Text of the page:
In the Information Age, data is currency. Controlling the flow of information and more importantly, protecting it has increasingly become a focal point for companies who want to remain competitive in modern markets. Improving data efficiency, integrity, and security is often how companies separate themselves from their peers.
We present two of the most common methods for data transfers: FTP and SFTP. These are an acceptable entry point on how data transfers work and how to employ them in a practical setting, so we’ll cover their respective purpose of the protocols and the differences between them.
What are FTP and SFTP?
Before we can sort out the differences between FTP and SFTP, it’s a good idea to understand exactly what the protocols are and how they’re used with data:
FTP is short for File Transfer Protocol, is the means by which computers communicate with one another across a network, with the end-goal of transferring data. FTP has been in use since the early 1970s before the Internet was in every home, and it is still used every day by everyone to transfer files at work and on the World Wide Web. In fact, each of us has almost certainly used FTP countless times over the years to download files directly or to install a patch for software.
In business, FTP is a simple way to send files between servers and clients that don’t require a high level of security; that is, it’s ideal when you need to keep the data moving in an inherently secure network without security checks slowing down the packets. For instance, web developers and administrators may prefer it as a means to implement and test new functionality on a website without adding security. However, this is only applicable in an environment where the controlling party can be sure there is no chance of external interference that may breach the server. That’s not to say that countless web users don’t take on this risk if the data transfer is coming from a trusted source.
SFTP is short for Secure File Transfer Protocol. This protocol began circulation by the Internet Engineering Task force (IETF) around the late 1990s, likely when Web experts gathered that a more secure way to send data was necessary. Its origins are tied heavily into the advancement of SSH, and it can be seen as an extension of this technology (more on SSH in the ensuing section).
Despite the similarity in naming conventions, SFTP is not a secure extension of FTP; rather, it is an entirely different protocol that was built from scratch with FTP’s groundwork as a spiritual predecessor. The word ‘secure’ is the obvious difference between the two protocols, and much of this article will be centered around that basic idea. FTP is simple and fast, but not secure; SFTP is a bit less efficient, but it protects the data in ways FTP doesn’t.
What is SSH?
SFTP is usually secured using SSH, an acronym that stands for ‘secure shell’ or ‘secure socket shell’, both of which are synonymous. It is a remote administration protocol used as a secure alternative to direct client-server transactions. Authentication in SSH is completed using a public key that is sent from client to server, after which the server verifies that a required private key is present on the client and negotiation commences.
This method was created with automation in mind, so users don’t need to physically enter their username and password to gain access to a server, provided they are attempting access on a node the server recognizes. Automation is particularly useful in the case of synchronous applications that need to communicate data between one another sporadically, else there would need to be user authentication each time data is sent.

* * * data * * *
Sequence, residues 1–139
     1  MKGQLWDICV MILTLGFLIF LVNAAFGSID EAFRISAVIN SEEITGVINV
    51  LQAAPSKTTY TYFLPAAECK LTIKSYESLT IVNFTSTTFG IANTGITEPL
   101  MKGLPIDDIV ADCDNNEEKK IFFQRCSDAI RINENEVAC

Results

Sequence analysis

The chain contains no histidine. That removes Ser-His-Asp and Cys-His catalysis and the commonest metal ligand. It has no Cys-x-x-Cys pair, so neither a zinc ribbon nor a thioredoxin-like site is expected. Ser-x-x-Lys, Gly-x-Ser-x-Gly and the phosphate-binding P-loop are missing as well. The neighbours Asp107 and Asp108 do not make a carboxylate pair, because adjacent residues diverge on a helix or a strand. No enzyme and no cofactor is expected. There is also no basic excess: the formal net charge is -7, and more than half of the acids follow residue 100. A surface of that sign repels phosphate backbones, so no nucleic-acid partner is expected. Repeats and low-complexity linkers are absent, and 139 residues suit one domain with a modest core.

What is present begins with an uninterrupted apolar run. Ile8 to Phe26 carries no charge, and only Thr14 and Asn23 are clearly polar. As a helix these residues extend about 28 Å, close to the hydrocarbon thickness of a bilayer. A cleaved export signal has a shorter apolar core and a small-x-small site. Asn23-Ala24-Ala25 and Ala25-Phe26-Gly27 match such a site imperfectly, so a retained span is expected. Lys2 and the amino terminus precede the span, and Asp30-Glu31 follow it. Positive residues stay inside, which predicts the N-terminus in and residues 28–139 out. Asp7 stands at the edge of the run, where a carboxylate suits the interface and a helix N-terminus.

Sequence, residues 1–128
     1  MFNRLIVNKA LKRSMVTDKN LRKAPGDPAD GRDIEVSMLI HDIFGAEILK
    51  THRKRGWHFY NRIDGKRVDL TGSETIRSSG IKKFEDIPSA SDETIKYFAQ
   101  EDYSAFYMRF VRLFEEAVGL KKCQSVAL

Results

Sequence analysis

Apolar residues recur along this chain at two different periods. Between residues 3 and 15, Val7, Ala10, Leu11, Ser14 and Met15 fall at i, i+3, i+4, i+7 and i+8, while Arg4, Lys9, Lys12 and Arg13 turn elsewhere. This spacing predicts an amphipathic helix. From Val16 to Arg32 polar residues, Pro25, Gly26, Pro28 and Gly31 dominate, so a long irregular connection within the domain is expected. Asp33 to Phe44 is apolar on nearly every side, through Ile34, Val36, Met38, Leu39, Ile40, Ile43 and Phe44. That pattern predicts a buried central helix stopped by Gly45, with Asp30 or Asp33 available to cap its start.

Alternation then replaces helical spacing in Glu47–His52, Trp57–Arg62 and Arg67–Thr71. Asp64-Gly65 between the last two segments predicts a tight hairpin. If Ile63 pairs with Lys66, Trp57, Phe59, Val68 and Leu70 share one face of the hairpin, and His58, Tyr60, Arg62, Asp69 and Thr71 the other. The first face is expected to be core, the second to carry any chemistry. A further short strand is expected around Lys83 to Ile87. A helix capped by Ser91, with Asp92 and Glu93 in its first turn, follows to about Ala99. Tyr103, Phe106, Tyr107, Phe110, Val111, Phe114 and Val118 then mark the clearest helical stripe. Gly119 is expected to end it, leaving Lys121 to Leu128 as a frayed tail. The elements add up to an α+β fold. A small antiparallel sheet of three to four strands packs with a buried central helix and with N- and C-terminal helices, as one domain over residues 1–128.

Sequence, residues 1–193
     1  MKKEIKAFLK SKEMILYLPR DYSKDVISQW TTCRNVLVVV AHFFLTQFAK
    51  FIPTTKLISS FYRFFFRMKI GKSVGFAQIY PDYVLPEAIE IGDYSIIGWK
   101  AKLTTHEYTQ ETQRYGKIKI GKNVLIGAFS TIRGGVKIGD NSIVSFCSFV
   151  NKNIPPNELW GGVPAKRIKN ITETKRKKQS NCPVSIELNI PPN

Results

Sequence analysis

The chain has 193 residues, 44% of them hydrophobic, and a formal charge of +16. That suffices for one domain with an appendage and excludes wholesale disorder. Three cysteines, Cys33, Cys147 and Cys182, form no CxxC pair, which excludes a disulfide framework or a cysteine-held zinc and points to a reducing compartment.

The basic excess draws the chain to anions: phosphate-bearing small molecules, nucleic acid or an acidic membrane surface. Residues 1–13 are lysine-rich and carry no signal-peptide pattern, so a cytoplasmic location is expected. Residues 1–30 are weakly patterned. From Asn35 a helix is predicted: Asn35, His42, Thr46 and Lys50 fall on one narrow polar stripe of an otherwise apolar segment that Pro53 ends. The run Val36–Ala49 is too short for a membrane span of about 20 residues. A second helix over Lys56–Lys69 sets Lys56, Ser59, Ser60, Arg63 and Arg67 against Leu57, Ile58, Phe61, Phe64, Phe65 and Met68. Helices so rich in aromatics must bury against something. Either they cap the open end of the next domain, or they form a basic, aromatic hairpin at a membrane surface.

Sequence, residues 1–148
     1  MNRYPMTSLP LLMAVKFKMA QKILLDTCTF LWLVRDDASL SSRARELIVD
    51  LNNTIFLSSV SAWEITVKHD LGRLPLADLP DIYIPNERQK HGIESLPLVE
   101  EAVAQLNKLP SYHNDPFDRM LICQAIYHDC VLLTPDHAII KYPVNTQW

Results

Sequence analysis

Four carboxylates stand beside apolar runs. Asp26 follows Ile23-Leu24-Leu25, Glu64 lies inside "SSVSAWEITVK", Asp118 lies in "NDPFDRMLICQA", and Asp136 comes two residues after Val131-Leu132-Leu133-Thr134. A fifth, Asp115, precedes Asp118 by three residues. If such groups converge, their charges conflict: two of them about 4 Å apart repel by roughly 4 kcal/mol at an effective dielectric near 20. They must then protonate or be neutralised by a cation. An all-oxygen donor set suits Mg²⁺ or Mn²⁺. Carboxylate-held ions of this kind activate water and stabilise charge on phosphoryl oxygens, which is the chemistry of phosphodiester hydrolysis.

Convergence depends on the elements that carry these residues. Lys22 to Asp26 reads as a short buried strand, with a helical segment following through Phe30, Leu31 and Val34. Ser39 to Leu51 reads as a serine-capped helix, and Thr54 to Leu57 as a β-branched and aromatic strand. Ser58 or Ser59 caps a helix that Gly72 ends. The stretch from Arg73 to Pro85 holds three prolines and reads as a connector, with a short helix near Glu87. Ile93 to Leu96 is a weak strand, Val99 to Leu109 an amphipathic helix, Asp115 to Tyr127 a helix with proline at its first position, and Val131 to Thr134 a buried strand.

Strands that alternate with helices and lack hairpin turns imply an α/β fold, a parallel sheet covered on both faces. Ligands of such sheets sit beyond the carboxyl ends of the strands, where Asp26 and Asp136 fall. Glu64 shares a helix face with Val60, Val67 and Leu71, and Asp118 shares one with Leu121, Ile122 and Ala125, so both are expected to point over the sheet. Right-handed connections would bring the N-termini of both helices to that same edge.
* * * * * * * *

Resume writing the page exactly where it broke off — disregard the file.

Main Differences Between FTP and SFTP
|Inherently unsecured due to lack of encryption||Inherently secure via SSH encryption present in each packet|
|Uses two channels to send data, opening an additional avenue for attack||Uses a single channel to send data, limiting possible entry points for attack|
|Employs client-server architecture as part of TCP/IP||Employs SSH protocol as part of remote login application mechanisms|
|Uses direct transfer method, so packages are not encapsulated||Uses ‘tunneling’ transfer method, so packets can be encapsulated|
|Plain text authentication and data are more easily phished by external threats||Encrypted data his a very high level of resistance to phishing attacks|
Why Should I Use SFTP Instead of FTP?
The short answer is that you should use SFTP whenever a security risk is present during a data transfer, and when compliance with data security standards is necessary. It is the discretion of the user whether or not the risk constitutes a need for security, but generally this means whenever sensitive data is in play or the transaction has potential to grant access to a server.
An admin may decide that a local-area network (LAN) is closed enough that there is no risk of a breach and use FTP to send files to a coworker, whereas that same admin might decide encryption is needed to send that same data across a wide-area network (WAN).
Generally, any data transfers that travel through the Internet are inherently at risk. Security concerns make SFTP the minimum for businesses that operate on the web, who handle sensitive consumer or employee information, or those that want to protect their own sensitive data assets from prying eyes. Conversely, administrators who need a simple means to pass data and want to avoid having to manage SSH keys and jump through hoops each time a client-server transaction occurs would likely be more suited for FTP.
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